We have reservations elsewhere on the day we make our way down to San Diego. However, even though we are more than 30 minutes early, we are unable to find a parking spot due to Little Italy’s weekly farmer’s market in full swing. As our reservation time draws near, I call the restaurant and inform them we are not able to join them.

Our next course of action is to head to the Gaslamp and try our luck at the new Cafe 21, but of course, when we arrive, there is a crazy line with at least an hour’s wait. No way! I ask if their new concept Zymology 21 is open and am delighted to hear it is, so we cross the street to the old Cafe 21 spot and step into Zymology 21.

The space is empty except for one table, no wait at all. On the day of our visit, the restaurant is not officially open — soft opening stage — which explains why there is no one there. The concept here is different. You are given a menu and ordering is done before you sit down. It’s a fast casual concept with a sit-down feel. I can still see hints of the old Cafe 21 here and there, but ultimately, the environment is completely revamped, with an updated, and uber cool vibe.


The definition of “zymology” is simply, “a science that deals with fermentation”, and here, you will find that this refers to the process of at least one ingredient in each dish or libation. Naturally, we begin with one of their fantastic cocktails, BloodieZ ($9) a bloody Mary that’s unrivaled, even from some of the most distinguished establishments around. It is served in a beaker, on a tray, accompanied by a test tube of beet juice. Use it or don’t, it’s up to you. A skewer of garnishes including olives, half a jalapeno, watermelon cucumber and micro carrot is very pretty.


Whiskey Sour ($11) using Old Forester whiskeym with an egg white foam, is also presented in a beaker — you will find almost everything has that scientific approach here — but snap your photo quickly, otherwise, the lemon rind garnish will sink rapidly through the foam and end up like my photo, to be no where in sight. Surprisingly, I really enjoy this!


None of us are real coffee drinkers, but the Syphon Coffee ($8) is too unique to resist. We order one to share. The truth is, we want to experience it more than drink it, although we enjoy the high-quality, full-bodied roast.


The first thing which catches our eye is Shrimp N Gritz ($15), comprising grilled sweet shrimp marinated in garlic. It sits on top of home style parmesan herb, creamy grits and surrounded by fried julienned leeks. The shrimp is incredibly fresh and I couldn’t help but suck on the heads, enticing all the shrimp butter out of its shell. The grits are creamy and the leeks provides a crispy contrast.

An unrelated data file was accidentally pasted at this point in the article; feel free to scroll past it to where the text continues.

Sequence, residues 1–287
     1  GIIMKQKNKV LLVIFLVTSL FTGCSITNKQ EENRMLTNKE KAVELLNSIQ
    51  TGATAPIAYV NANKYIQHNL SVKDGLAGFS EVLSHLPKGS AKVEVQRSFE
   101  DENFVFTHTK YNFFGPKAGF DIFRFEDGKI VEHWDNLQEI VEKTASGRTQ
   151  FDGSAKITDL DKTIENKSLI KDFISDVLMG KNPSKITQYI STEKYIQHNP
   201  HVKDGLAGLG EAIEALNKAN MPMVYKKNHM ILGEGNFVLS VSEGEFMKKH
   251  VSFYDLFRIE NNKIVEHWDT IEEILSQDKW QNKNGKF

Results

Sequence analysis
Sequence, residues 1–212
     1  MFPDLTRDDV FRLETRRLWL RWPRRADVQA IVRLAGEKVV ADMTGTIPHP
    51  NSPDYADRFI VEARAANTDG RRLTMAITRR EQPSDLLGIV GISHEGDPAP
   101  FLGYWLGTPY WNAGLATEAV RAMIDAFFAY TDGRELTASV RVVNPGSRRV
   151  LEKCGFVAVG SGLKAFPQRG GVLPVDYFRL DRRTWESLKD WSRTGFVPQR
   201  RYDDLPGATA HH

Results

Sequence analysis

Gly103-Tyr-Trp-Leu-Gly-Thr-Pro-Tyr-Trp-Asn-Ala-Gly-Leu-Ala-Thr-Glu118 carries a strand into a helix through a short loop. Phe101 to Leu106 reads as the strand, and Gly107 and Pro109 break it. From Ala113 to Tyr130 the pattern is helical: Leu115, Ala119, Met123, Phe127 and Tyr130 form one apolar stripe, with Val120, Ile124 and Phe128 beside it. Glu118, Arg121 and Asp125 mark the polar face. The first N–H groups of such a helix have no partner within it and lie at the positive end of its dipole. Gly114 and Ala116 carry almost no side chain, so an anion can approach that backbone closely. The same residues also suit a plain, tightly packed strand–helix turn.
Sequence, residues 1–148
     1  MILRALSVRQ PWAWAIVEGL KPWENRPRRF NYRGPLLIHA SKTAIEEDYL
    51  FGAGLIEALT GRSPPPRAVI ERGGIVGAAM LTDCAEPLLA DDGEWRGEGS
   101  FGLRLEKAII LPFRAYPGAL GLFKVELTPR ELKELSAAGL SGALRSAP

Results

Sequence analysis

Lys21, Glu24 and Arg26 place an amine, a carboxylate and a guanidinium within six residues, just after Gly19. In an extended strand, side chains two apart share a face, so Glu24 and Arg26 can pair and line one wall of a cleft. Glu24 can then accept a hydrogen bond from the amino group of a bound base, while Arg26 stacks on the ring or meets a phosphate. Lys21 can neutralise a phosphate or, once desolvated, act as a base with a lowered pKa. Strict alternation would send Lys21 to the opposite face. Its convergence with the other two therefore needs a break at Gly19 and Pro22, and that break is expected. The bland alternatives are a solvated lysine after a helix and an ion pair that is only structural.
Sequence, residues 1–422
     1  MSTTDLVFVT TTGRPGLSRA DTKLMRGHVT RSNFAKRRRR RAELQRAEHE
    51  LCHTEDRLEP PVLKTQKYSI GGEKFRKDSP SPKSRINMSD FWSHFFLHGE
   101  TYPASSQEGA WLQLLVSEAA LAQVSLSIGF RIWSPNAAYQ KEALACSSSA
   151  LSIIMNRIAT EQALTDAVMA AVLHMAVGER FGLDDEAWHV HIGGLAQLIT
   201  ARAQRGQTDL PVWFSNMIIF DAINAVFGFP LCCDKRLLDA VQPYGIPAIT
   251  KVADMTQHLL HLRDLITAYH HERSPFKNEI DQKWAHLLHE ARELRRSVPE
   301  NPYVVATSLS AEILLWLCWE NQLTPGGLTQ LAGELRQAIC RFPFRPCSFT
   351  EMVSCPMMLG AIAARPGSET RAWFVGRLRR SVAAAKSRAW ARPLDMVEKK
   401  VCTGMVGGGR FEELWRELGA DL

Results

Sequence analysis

Chicken and Wafflez ($14) is always a good choice, but here, you will not be getting it in the traditional style you’re accustom to. I select dark meat (you can choose white) chicken, which is fried crispy on the outside and very moist on the inside. It reminds me of Indonesian-style fried chicken, although the seasonings are nothing like it. The waffle is a house-smoked gouda and herbs egg waffle — like those I remember eating from a street stall in Hong Kong as a child. The spicy lime honey glaze is unique, but only a touch is enough for me. There is a runny fried egg as well, but the waffle and chicken are enough to satiate even without.


Our next dish is Hay Hash ($16). I am not impressed when it hits the table, however, looks are deceiving. The rosemary potatoes confit are rich in flavor, while the seared steak loin is perfectly tender. The poached egg runs into the herb scented Hollandaise sauce adding a heavenly richness all around. I can not stop eating the potatoes which is a surprise because I’m not usually a big fan of it.


There are several open face sandwiches on the menu and I’m guessing these will rotate as the days go by. On the day of our visit, we select OpenFaceZ: Duck Rillettes ($6) braised duck topped with pickled cucumber, baby carrots, whole grain mustard sauce and pickled onion. It is decent and well-balanced.


However, it is the Fungi Trifecta ($6), a blend of lobster mushrooms, cremini mushrooms and oyster mushrooms on top of a French beluga lentil pate, which garners the most ooos and ahhs. The natural umami of the mushrooms is enough to tantalize the palate, everything else is icing on the cake.


While we are not in the mood for dessert, we are definitely intrigued by the PopsicleZ ($9) which are sangria popsicles. The flavors change weekly and we are presented with the two: apple with beer back and tropical (peach) with wine back. I am a fan of Cafe 21’s sangrias and to find them in a popsicle is not only whimsical, but completely calls out to my love of frozen treats.


I am sure the next time I visit Zymology 21, the menu will be different and it will be a completely new experience. This is why my love of the “21” brand stays true because it is constantly evolving and never boring.

Zymology 21
750 5th Avenue
San Diego, CA 92101
Tel: 619-546-9321

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Driftwood Kitchen is the whole package

I’m generally not impressed with restaurants offering a stunning a view. I find them relying on the gorgeous setting and slacking when it comes to the menu. Driftwood Kitchen is not one of those places. In fact, it exceeded my expectations when it comes to stellar cuisine. The ocean backdrop is just the icing on the cake.

We arrive a few minutes before it opened and were ushered into the waiting room. The waves were spectacular, but it was the homey room reminiscent of someone’s living room in the Hamptons, that made me love it even more. The room is cozy and the sofa so comfortable I was reluctant to get up after I had sunk my weary body into it.


After we were led to our table at the window’s edge, I quickly took a stroll inside the restaurant and was tickled to find that the warmth extends throughout. No matter where you end up sitting, you can be sure it will be a very inviting and gratifying one.


The cool breeze was pleasant, helping to alleviate the glare of the sun, however, it also meant none of my photos came out. Of course I was disappointed, but luckily, photographer extraordinaire, Anne Watson generously offered her photos for me to use.

** all food photographs courtesy of Anne Watson Photography**